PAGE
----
|10||Submit your app for review via managed publishing. A typical review will take approximately 7 business days. Please do not resubmit your app during the review cycle as it will reset the cycle.|
|11||Check your submission to make sure it has been approved.|
|12||Once your app is approved, you will be able to publish it on your launch date.|
Increase your chances of a successful launch by reading more about Google Play’s policies and standards— and by learning more about the process of developing and optimizing for ChromeOS.
Meet Google Play’s policies and standards by following Google’s Developer Program Policies. The earlier you work to meet these specifications, the smoother your development and publishing process will be.
- Policy Coverage: Details on Google Play’s policy coverage and enforcement process. This includes how Google Play Protect, malware protection, and privacy alerts work to prevent malicious activity by apps.
- User Data: Google Play requires that developers be transparent in how their app handles user data, including access, collection, use, handling, and sharing the data from the app.
- Target API Level: If you want your app to run on Android devices, you must meet a target API level. All apps must meet a target API level of 30 or above (existing apps) or 31 or above (new apps).
- App Promotion: Apps that directly or indirectly engage in, or benefit from promotion practices that are deceptive or harmful to users or the developer ecosystem violate the Developer Program Policies. Follow these guidelines to ensure the content is of high quality and delivers the best experience for the users.
- Apps for Children and Families: Apps designed specifically for children must participate in the Designed for Families program and must follow the Google Play Families Policy requirements. Only select more than one age group for your app’s target audience if your app is designed for and is appropriate for users within the selected age group(s).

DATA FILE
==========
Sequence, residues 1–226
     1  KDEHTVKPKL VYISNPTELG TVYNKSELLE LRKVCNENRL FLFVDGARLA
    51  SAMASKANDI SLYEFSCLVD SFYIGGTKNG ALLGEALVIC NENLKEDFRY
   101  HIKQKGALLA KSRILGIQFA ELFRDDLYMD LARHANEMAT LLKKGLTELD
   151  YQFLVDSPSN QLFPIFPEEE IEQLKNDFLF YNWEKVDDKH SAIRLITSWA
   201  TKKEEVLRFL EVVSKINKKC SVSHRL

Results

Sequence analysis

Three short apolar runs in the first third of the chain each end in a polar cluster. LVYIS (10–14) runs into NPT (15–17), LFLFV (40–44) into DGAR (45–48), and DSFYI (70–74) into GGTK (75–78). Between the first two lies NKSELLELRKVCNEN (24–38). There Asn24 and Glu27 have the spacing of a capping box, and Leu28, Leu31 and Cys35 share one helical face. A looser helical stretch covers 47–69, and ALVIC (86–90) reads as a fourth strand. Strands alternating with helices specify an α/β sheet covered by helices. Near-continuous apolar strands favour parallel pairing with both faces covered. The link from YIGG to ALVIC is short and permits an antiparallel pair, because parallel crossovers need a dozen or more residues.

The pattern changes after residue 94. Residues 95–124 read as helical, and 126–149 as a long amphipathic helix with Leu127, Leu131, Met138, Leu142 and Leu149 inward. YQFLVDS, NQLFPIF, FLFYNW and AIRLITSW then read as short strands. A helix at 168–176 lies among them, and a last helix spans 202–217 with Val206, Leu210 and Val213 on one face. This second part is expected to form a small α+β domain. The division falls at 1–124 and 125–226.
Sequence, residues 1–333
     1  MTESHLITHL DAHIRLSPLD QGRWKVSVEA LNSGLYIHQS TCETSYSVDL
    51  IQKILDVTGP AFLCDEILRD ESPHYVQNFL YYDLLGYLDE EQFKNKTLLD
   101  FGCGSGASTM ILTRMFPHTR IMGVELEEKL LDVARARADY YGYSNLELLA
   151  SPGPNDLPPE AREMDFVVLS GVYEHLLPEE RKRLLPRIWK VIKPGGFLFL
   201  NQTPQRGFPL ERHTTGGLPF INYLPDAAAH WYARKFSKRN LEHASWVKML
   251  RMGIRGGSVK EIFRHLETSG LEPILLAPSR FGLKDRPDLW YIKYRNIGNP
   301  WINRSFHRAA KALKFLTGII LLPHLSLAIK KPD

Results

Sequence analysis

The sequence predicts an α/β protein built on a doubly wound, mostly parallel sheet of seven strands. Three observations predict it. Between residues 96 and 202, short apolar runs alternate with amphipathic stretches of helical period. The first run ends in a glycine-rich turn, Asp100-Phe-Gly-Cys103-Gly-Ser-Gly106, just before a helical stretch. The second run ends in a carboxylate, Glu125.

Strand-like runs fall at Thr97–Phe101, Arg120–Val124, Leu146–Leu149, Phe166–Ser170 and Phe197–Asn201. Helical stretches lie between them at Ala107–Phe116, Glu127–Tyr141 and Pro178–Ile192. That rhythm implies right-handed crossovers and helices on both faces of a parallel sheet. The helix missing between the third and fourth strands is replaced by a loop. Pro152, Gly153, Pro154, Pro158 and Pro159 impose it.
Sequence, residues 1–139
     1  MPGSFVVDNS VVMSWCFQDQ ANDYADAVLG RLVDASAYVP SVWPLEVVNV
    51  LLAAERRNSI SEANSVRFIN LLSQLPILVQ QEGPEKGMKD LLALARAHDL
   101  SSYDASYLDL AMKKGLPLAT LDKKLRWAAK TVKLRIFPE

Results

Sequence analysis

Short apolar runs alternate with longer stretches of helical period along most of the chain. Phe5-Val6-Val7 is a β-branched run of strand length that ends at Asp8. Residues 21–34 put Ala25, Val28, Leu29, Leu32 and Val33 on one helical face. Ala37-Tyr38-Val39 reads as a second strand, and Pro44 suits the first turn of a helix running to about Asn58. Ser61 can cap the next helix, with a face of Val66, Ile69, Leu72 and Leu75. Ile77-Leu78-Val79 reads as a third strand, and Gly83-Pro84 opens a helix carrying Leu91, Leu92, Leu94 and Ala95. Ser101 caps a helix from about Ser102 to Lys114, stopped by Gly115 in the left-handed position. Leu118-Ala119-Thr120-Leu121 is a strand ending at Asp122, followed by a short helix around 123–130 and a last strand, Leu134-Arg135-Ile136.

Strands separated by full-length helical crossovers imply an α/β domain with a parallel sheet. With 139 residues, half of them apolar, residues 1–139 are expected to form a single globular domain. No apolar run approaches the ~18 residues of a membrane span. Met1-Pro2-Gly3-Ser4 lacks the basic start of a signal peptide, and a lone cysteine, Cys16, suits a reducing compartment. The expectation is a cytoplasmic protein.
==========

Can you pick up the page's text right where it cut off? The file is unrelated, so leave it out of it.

- Payments Policy: Google Play’s billing system is required for developers offering in-app purchases of digital goods and services distributed on Google Play, and it must be used through Billing Library version 4 or newer. Learn more about Google Play’s Payments Policy on the Policy Help Center page.
- Play Console Policy Center: The Play Console Policy Center contains all policies currently in effect—and the policy archive. Consult Policy Deadlines and Policy Status for more specific information.
Learn more about publishing on Google Play and developing for ChromeOS with these tutorials and resources.
- Google Play Console: a hub for best practices and relevant resources.
- List your Progressive Web App in Google Play: a guide to wrapping a Progressive Web App as an Android App for publishing in Google Play.
- Android Apps on ChromeOS:: a guide to designing, building, optimizing, and publishing Android Apps on ChromeOS.
- Google Play Academy (especially the Prepare section): short video-based courses covering quality, monetization, engagement, and other topics for developers at all stages of app development.
- Google Play Billing: an overview of the service that enables sales of digital products and content.
- Pre-Launch Reports: reports that enable developers to spot issues before they affect users.
- The Google Play Developer Help Community: a forum for developers to raise questions.
- The Google Play Developer Newsletter: the latest developer news and tips to help developers succeed with Google Play, Android, and games.
- Android Developers Blog: the latest Android and Google Play news for app and game developers.